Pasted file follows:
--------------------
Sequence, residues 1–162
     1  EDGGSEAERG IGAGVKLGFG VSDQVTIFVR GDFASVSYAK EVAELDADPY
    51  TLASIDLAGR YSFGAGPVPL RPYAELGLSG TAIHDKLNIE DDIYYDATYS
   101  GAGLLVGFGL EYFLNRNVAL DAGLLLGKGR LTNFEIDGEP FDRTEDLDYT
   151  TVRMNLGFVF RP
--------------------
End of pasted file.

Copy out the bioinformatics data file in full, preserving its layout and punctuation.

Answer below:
Sequence, residues 1–162
     1  EDGGSEAERG IGAGVKLGFG VSDQVTIFVR GDFASVSYAK EVAELDADPY
    51  TLASIDLAGR YSFGAGPVPL RPYAELGLSG TAIHDKLNIE DDIYYDATYS
   101  GAGLLVGFGL EYFLNRNVAL DAGLLLGKGR LTNFEIDGEP FDRTEDLDYT
   151  TVRMNLGFVF RP